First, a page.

Thursday, January 13, 2011

Kickstarter and the New Era of Arts Funding | Open Thread

Deadlines are approaching for a number of grant applications, always a joyous season for artists whose production costs far outweigh the income from their art. And while I have nothing but admiration and respect for the institutions who spend their money supporting the arts, I do know from talking with my artist friends that there are far more people applying for the funding than money to go around. I also know that the complexities of the various applications are stressful for the applicants.

Which is why I've been watching to see how Kickstarter is doing. As an idea, it borrows from the micro-lending organizations that have made a huge difference in the lives of people in poverty-stricken countries and apparently not the worse place you can invest your money either. But Kickstarter is focused on creative projects. From their website:

Kickstarter is a new way to fund creative ideas and ambitious endeavors.

We believe that:

  • A good idea, communicated well, can spread fast and wide.
  • A large group of people can be a tremendous source of money and encouragement.

Kickstarter is powered by a unique all-or-nothing funding method where projects must be fully-funded or no money changes hands.

The beauty of Kickstarter is that, being about creative projects, the more creative your appeal is (rather than the more exact or bureaucratically complete, as seems to be one of the keys to successful grant applications), the greater your chances of success will be.

I first started paying closer attention to Kickstarter when Laura Isaac used it to fund her hysterical project for #rank. At first I thought that was a wonderful, but certainly too-time-consuming video to produce just to raise the money. Then I realized, that funding hopefuls need to creatively attract not only those willing to part with cash to support them, but also the Kickstarter editorial staff in order to have to highlight/recommend their project over the others on the site:
What gets featured on Kickstarter is an editorial decision by our staff. We pay particularly close attention to fun projects that use the system creatively, have compelling videos and rewards, and have a nice head of momentum behind them.
So it's still highly competitive, but not with regards to who you know on the grant committee or how precisely you can complete the application. You want people to fund your creative project? Show them how creative you are.

Here is a quick cross-section of interesting fine art projects currently up on Kickstarter. Consider which of them you might support. Did I mention, your support always comes with REWARDS?
  • Nature In Nature: Sculpture at the Audubon Center Boat House; Project by Robert Lobe
  • #140hBerlin - A 6-day Performance; Project by Man Bartlett
  • Soda Tooth Presents SMart Box: Art Education for Kids! ; Project by Soda Tooth
Please consider this an open thread to share your own Kickstarter project or commiserate on the grant application process.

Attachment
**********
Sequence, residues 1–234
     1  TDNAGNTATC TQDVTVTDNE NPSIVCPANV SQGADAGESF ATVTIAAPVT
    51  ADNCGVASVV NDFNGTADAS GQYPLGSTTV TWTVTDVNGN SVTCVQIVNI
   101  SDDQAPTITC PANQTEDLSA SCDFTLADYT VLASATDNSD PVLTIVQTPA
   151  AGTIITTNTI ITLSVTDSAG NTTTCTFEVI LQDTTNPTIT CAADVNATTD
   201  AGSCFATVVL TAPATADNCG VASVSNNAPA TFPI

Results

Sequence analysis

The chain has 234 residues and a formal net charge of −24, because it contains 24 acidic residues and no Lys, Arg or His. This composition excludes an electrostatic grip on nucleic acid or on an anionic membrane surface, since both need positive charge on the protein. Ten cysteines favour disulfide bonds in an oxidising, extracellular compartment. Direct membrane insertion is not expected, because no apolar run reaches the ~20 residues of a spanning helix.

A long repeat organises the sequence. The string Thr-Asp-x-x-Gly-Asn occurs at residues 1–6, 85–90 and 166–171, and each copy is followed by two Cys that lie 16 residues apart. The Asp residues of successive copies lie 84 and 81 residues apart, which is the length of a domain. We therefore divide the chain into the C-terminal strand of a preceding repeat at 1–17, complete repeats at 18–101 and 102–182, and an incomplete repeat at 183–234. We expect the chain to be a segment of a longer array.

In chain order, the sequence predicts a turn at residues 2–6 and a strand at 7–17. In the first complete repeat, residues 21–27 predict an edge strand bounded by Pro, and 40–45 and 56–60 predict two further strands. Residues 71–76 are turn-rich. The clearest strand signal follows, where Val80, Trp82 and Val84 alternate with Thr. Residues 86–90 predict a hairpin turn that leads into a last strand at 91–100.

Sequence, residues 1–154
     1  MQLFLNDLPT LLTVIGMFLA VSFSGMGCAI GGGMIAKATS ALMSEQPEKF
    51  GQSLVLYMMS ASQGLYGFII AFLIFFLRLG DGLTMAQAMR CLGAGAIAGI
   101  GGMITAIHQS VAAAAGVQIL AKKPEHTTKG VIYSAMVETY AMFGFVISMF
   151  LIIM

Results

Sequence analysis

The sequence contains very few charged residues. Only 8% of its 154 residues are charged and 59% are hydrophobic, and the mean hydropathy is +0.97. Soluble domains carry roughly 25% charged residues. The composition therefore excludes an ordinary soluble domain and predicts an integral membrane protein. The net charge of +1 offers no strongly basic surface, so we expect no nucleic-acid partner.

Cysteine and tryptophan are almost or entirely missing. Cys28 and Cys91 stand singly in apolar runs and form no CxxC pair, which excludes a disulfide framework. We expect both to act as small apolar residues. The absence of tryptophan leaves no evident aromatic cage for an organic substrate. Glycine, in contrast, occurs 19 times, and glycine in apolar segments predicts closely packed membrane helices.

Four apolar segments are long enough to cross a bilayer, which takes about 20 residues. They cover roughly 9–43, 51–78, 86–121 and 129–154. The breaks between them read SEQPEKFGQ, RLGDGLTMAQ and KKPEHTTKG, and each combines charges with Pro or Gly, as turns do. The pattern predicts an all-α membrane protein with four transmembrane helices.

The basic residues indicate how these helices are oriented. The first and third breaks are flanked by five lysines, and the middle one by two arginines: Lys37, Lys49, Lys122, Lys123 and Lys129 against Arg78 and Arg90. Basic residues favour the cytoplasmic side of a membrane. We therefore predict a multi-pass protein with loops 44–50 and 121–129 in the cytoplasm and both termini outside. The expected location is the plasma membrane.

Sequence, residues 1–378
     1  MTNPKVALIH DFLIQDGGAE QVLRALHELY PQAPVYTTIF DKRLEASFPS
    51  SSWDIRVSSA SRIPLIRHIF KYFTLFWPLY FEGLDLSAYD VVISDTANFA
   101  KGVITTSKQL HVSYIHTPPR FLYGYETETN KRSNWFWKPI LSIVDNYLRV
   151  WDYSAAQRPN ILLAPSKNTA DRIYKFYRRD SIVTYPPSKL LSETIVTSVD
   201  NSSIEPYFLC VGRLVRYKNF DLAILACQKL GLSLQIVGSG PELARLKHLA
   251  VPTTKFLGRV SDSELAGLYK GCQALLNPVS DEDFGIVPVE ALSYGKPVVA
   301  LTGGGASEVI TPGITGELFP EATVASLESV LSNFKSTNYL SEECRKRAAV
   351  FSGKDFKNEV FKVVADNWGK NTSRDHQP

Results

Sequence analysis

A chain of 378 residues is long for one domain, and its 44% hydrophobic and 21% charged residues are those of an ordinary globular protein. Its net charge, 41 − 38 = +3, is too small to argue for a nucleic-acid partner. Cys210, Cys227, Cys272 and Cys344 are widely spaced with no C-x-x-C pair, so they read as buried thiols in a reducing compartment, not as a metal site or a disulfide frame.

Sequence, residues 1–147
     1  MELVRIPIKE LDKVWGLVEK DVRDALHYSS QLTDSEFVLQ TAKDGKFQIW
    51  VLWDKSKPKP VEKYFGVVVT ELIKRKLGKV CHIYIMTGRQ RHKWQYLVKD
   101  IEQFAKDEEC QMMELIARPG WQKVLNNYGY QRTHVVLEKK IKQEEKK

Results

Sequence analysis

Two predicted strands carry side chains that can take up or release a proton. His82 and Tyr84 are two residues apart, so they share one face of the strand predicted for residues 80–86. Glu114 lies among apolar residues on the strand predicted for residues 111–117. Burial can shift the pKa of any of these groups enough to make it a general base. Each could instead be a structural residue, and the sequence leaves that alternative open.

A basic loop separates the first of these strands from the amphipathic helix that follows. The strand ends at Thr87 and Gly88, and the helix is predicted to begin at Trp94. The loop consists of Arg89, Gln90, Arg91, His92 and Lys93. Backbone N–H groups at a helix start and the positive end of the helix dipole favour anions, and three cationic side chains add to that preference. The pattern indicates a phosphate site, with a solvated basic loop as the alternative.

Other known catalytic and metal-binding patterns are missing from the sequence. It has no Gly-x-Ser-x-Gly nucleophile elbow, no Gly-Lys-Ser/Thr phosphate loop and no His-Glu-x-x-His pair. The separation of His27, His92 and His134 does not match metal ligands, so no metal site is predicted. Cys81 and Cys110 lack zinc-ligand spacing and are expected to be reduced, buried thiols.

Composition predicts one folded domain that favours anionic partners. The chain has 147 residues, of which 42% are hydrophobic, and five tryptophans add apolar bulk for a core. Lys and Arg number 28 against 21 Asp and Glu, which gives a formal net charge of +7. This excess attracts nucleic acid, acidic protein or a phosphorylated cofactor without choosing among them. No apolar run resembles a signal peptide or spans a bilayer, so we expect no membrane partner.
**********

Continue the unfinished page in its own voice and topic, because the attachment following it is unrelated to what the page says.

Labels: arts funding, grants


Blogger Joanie Gagnon San Chirico said...

I used Kickstarter just about a year ago to help get my project: pFAn- professional Fine Art network
off the ground. Without it, I could never have developed the website and resources for this collective of freelance fine artists, consultants, fabricators and art administrators.

Kickstarter is a brilliant concept, and I'm pleased to see that it's doing well and helping to fund other worthy projects.

1/13/2011 10:11:00 AM  
Anonymous Laura Isaac said...

I'm so honored! Thank you! And yes, it's amazing how much time it takes to fund a project... but ultimately really rewarding. With only 30 days and the all-or-nothing set-up of Kickstarter, it was a crash course in getting my message out there. It was fascinating to see who wanted to support the project, who supported but declined their "rewards" because they just wanted to support something they liked, and who sprung for the "big bucks" rewards. As with any project, you have to give your all to a Kickstarter project; start to finish. I'm packing up and sending out the last batch of rewards this week and I can tell I'm going to miss the box of "Where do YOU #Rank?" related items by my desk. Thank you, once again. - Laura

1/13/2011 10:24:00 AM  
Anonymous Kianga Ellis said...

Another great project was funded yesterday: Times Square to Art Square

1/13/2011 12:21:00 PM  
Anonymous Alan Miller said...

I used Kickstarter last year to fund the reprinting of a guidebook to the Tokyo art scene. It's an amazing book, but it's high-end and was originally released as a small print run, so it sold out quickly.

1/13/2011 03:49:00 PM  
Blogger Mab MacMoragh said...

I've backed various projects on Kickstarter, only one of which didn't meet its stated goal (or maybe it did conceptually) which was to raise funds for nothing (Fund Nothing by Jeff Edwards, where I purposely pledged the minimum amount).

A similar program I'm impressed by is going on at United States Artists, which is worth a look if you're an artist in the USA with a well-defined project goal:

1/13/2011 08:53:00 PM  
Blogger Mab MacMoragh said...

I should add this to my comment: The requirements for United States Artists include having received an award or grant from USA Project Partners or Recognized Organizations, a list of which can be found here:

1/13/2011 09:02:00 PM  
Anonymous Laura Isaac said...

I also want to add that I now consider my Kickstarter video a part of my "Where do YOU #Rank?" project as a whole and have it posted to my site with the rest of the project information even though the funding drive is long over.

I have to be careful when browsing Kickstarter... I want to contribute to so many projects!!!

1/14/2011 01:37:00 PM  

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